USA Today bestselling author Sally MacKenzie writes funny, hot Regency-set historicals for Kensington’s Zebra line, and her books have been translated into Czech, Japanese, Norwegian, Portuguese, Spanish, and Russian. Her fifth book, The Naked Baron, is a Romantic Times BOOKreviews Top Pick for May, with the baron himself receiving a K.I.S.S. award. Sally graduated with a B.A. in English from the University of Notre Dame (in the first class of women). She’s a Cornell Law School dropout, former federal regulation writer, current swim league president, and mother of four mostly grown sons. A native of Washington, D. C., she still resides in suburban Maryland with her husband and whichever of her sons are stopping back in the nest. To find out more about Sally and her books, visit her website at www.sallymackenzie.net.

About diane

Diane Gaston is the RITA award-winning author of Historical Romance for Harlequin Historical and Mills and Boon, with books that feature the darker side of the Regency. Formerly a mental health social worker, she is happiest now when deep in the psyches of soldiers, rakes and women who don’t always act like ladies.

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16 Responses to Sally MacKenzie Gives the Naked Truth

  1. Sally, I LOVE reading NAKED !! I have since the first one came out. The funniest look I’ve ever received was in San Francisco during the RWA National Conference. My room mate and I went down the street to the drug store and I happened to be wearing my conference name badge lanyard. There on the pouch was my “I’m a Naked Reader” button. The poor guy at the counter did a double take! Too funny!

    I have really enjoyed this series and I do love related series. There is a sense of coming home and comfort in visiting old friends, seeing what they’re up to and finding out the stories of people you met in other stories. I have a number of secondary characters in my yet unpublished novels that are HOWLING for their own stories. The temptation for me is to go ahead and write that secondary character’s story because I LIKE him or her and want to tell it, but I am trying to resist and write other stories while taking notes on those secondary stories.

  2. Diane Gaston says:

    Oh, Sally! You should make up a new set of buttons saying “I love reading NAKED”

  3. Hi Sally,

    Great blog. Loved reading about the development of the Naked series. So far I have only read Naked Duke but I have copies of Marquis, Earl & Gentleman on my TBR shelves (note to self: pull the naked guys out to read ASAP!). The rest of the series is on my BTB list. Now, to my question: how does The Naked Laird in the Lords of Desire Anthology fit into the mix?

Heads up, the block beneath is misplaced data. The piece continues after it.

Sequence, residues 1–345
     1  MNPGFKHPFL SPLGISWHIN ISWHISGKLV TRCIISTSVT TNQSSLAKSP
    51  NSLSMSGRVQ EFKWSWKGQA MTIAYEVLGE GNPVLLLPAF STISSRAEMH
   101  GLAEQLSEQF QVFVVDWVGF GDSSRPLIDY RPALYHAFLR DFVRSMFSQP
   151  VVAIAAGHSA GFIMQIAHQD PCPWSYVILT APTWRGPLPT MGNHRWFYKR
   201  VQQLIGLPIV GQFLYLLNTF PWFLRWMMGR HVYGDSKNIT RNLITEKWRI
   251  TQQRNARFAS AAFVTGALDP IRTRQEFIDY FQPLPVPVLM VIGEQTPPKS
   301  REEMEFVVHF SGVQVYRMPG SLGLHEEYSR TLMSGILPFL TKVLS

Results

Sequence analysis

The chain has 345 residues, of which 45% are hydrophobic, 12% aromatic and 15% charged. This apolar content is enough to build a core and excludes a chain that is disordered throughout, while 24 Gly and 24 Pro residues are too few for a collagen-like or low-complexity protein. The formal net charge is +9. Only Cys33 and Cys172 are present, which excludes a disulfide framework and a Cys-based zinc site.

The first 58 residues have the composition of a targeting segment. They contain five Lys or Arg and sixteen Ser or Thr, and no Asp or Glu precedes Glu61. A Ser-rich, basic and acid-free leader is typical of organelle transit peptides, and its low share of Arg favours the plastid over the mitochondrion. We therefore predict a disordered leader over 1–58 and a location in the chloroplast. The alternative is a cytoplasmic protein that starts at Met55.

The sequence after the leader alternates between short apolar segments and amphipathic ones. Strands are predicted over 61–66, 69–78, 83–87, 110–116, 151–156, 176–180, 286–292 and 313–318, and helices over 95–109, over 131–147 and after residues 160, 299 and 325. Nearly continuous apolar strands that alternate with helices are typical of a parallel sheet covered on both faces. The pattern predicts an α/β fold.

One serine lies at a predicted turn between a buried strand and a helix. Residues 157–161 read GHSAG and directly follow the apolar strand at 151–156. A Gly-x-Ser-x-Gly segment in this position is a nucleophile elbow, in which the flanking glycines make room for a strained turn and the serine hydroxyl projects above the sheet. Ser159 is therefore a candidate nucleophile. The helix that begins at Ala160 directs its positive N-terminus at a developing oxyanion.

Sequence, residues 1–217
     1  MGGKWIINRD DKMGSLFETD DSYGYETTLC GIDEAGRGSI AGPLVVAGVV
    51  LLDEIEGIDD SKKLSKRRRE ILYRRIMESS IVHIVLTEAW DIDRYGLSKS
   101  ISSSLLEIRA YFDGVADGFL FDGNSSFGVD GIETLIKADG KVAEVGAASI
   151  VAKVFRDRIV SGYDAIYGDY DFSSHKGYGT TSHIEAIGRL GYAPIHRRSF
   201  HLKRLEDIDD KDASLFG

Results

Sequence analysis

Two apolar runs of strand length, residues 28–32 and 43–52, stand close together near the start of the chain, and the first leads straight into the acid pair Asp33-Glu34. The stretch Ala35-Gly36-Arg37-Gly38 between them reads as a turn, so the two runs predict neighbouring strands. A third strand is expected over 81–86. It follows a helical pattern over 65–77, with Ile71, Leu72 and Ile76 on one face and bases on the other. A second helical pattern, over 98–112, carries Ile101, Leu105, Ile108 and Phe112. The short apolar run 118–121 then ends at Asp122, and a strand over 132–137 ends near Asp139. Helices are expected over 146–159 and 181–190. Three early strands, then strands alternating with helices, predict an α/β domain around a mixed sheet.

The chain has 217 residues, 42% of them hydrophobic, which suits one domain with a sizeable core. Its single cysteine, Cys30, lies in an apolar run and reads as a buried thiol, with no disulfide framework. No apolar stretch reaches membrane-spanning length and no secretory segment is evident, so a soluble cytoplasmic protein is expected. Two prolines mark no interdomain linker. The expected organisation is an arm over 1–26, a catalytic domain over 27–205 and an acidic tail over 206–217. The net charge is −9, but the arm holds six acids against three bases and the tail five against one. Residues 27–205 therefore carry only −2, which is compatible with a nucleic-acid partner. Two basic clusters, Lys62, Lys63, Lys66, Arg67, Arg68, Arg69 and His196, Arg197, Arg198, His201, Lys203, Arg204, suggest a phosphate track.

4. Virginia says:

    Hi Sally, great post. I love to hear how authors get their ideas for their charactors and plots. You’s are very interesting. I really enjoyed how the Naked series started. I think I only have one book in this series but will have to get the rest.

  5. Jane Austen says:

    This comment has been removed by the author.

  6. Jane Austen says:

    Sally,

    I’m so sad that The Naked Duke is not available as a Kindle book….any chance it will be soon? In its place I have purchased The Naked Marquess. I am downloading it to my Kindle as we speak.

  7. Hey Sally, for the record you were an exemplary and charming roomie. We hung out yesterday, too, when Diane and Sally and I and a bunch of other writers went to a signing and lunch at a local military base for the wives of retired military–a lot of fun. I ate a lot of Sally’s chocolate since I was sitting next to her.

    I’m trying to persuade Sally to do a downstairs series–the Naked House Steward-Butler-Footman–French Man Chef, and so on.

  8. Hi, Riskies! I’m sorry to be late to the party–I just got back from Denver and I think my brain got lost along the way. As Janet says, I even spent yesterday with two Riskies–but it wasn’t until I got home from the grocery store and went to cross something off the calendar that I saw I was supposed to be stopping in here. (skaneibp–that’s my forehead hitting the laptop keyboard)

    Louisa, I’m SO glad you’re a Naked reader–and you probably brightened that poor guy’s day. I was just presenting a workshop–well, only a handful of folks showed up, so perhaps we should say I was blathering on about the Naked guys–in Denver. One of the few people there was male–and, my mouth running ahead of my brain as it is wont to do–I started talking about The Naked Viscount, the book I turned in at the end of March and which will be out next April. It features–unless my editor informs me I was totally mad and must redo–Pan statues with enormous penises. Which I actually said in mixed company. Argh!! Glad to hear you’re taking notes on those secondary stories.

    Diane, I always caution folks who take my buttons not to pin them on if they are indeed reading Naked. But I do love you’re version.